News for Your Practice

Gynecologic cancer patients treated at high-volume hospitals live longer

Better coordination of care and greater access to cutting-edge clinical trials and specialists in gynecologic oncology are possible reasons, researchers say



Women with gynecologic cancers live significantly longer if they’re cared for at hospitals that frequently treat such patients rather than at centers that infrequently care for them. This is according to results from a study of more than 860,000 women.1 The research, which used the National Cancer Database to identify gynecologic cancer cases, was presented at the 2014 Society of Gynecologic Oncology Annual Meeting on Women’s Cancer.

Results of the study

Overall, the median survival for women with all types of gynecologic cancer was 122.7 months at centers with the highest volume (nearly 300 such cases per year) compared with 110 months at the lowest-volume hospitals (<20 per year)—a difference of more than a year. The difference was even greater for cancers that are rare or require particularly complex treatment.

Patients with vaginal cancer, for example, had a median survival of 72.2 months at the highest-volume centers, compared with 38.1 months at the lowest-volume facilities—a difference of close to 3 years. For women with ovarian cancer, the difference in median survival was nearly 17 months (49.4 months for highest-volume versus 32.5 for lowest-volume).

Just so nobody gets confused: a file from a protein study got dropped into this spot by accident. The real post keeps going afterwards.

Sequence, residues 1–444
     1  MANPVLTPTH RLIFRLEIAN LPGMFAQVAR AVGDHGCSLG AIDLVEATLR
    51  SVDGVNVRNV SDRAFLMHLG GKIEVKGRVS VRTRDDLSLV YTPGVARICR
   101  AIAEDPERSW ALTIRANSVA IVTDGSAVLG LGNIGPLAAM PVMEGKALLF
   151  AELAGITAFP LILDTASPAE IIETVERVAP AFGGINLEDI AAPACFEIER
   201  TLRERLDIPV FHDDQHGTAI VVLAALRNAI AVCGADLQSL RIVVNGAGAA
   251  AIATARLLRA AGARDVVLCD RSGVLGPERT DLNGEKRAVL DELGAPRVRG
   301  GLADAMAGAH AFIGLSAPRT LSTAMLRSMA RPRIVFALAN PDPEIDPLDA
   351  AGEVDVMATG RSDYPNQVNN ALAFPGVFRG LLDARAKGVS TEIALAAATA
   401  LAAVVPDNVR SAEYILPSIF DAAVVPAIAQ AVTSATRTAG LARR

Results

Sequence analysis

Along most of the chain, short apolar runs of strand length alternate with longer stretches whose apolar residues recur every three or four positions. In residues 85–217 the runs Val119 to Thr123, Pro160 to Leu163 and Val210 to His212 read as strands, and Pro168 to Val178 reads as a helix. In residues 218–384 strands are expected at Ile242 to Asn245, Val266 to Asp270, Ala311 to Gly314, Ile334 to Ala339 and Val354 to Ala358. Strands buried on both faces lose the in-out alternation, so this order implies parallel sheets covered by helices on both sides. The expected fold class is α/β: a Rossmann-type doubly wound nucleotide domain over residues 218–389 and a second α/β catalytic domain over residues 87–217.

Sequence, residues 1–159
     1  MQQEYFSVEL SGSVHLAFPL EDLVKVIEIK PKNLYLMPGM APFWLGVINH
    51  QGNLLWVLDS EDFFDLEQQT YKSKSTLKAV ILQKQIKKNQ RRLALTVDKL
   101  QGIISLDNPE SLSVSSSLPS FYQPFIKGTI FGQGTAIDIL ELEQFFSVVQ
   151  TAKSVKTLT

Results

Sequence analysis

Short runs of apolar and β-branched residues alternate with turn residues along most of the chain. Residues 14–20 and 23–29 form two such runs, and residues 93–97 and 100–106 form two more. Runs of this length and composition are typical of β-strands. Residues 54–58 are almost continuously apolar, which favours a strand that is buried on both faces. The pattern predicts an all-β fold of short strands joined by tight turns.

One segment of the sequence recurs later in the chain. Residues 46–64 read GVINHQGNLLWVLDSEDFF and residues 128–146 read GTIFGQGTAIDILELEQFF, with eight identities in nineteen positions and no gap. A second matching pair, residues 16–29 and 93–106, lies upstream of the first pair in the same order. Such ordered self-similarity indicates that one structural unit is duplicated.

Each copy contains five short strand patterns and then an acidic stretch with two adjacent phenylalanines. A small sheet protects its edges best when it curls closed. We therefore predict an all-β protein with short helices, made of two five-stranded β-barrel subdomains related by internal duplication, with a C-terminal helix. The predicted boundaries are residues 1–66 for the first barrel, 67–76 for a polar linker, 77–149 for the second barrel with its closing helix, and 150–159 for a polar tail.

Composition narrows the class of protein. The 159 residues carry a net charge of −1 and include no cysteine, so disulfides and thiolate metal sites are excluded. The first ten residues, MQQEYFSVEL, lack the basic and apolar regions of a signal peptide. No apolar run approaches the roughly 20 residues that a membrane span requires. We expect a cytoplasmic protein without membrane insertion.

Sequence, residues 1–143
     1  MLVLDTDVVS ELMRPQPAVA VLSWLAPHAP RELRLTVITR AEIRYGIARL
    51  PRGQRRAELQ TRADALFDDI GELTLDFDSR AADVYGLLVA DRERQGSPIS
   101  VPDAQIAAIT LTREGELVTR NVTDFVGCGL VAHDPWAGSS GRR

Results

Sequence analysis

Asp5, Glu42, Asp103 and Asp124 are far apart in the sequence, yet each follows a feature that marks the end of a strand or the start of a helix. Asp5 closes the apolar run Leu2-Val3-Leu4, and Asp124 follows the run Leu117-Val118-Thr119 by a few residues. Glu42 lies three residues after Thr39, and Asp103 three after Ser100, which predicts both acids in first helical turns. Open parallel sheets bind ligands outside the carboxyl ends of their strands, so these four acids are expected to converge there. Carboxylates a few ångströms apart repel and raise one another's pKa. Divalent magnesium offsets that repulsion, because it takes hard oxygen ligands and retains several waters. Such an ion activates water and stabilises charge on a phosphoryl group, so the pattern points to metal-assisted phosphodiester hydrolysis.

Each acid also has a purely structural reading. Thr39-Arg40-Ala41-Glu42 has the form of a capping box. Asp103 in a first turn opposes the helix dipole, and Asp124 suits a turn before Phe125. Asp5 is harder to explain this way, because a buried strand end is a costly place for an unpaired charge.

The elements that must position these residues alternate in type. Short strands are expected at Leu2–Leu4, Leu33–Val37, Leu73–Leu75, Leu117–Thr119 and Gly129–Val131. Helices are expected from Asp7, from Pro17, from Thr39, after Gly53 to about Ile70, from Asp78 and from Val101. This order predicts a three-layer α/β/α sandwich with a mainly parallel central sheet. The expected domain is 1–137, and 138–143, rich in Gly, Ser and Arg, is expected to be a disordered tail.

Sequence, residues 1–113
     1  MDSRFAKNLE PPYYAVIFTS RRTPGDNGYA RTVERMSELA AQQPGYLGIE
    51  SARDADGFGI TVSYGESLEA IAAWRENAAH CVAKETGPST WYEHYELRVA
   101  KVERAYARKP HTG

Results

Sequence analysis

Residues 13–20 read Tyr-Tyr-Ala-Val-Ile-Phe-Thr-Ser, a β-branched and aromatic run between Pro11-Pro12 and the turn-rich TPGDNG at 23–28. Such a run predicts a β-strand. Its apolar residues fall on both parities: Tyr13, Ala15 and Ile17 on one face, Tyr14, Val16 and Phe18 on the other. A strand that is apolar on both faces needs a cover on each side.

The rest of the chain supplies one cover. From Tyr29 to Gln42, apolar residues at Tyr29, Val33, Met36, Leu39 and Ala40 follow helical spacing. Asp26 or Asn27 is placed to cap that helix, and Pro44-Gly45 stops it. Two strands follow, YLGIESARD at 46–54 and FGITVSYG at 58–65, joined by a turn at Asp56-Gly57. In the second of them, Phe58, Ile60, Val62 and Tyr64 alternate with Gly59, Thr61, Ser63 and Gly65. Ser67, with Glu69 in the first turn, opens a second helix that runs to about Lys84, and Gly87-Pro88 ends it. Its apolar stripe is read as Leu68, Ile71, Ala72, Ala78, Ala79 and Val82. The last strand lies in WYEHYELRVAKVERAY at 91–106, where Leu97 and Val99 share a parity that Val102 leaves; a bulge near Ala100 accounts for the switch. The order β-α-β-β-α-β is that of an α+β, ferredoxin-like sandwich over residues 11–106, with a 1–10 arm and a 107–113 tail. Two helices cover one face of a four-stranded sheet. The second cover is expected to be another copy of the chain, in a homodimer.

The researchers analyzed data on 863,156 women treated for cervical, ovarian, uterine, vaginal, or vulvar cancer from 1998 to 2011. The patients received treatment at 1666 medical centers, which the researchers divided into quartiles based on the number of reproductive cancer cases treated annually.

Over the 13-year study period, the number of women with gynecologic cancer who received treatment at high-volume facilities rose steadily, said Jeff F. Lin, MD, lead author of the study and a physician in gynecologic oncology at Magee-Womens Hospital at the University of Pittsburgh Medical Center. This rise in treatment at high-volume centers did not benefit elderly patients and those with more advanced cancers, however, as these patients were more likely to receive treatment at lower-volume facilities.

Refer women to high-volume centers, say the authors

The research results did not explain why women treated at high-volume centers live longer, nor the reason more patients with gynecologic cancer are being treated at these facilities. Better coordination of care, better access to cutting-edge clinical trials, and greater likelihood of receiving care from gynecologic oncologists are possible reasons women treated at high-volume centers have better outcomes, said Dr. Lin. He added that, as gynecologic cancer care becomes more complex, physicians may feel more comfortable referring patients to high-volume centers and specialists. “Based on this and other studies, we should be trying to steer even more patients to high-volume hospitals,” he said.

Share your thoughts on this article or on any topic relevant to ObGyns and women’s health practitioners. We will consider publishing your letter in a future issue. Send your letter to: Please include the city and state in which you practice. Stay in touch! Your feedback is important to us!

Next Article:

Hemorrhagic ovarian cysts: One entity with many appearances

Related Articles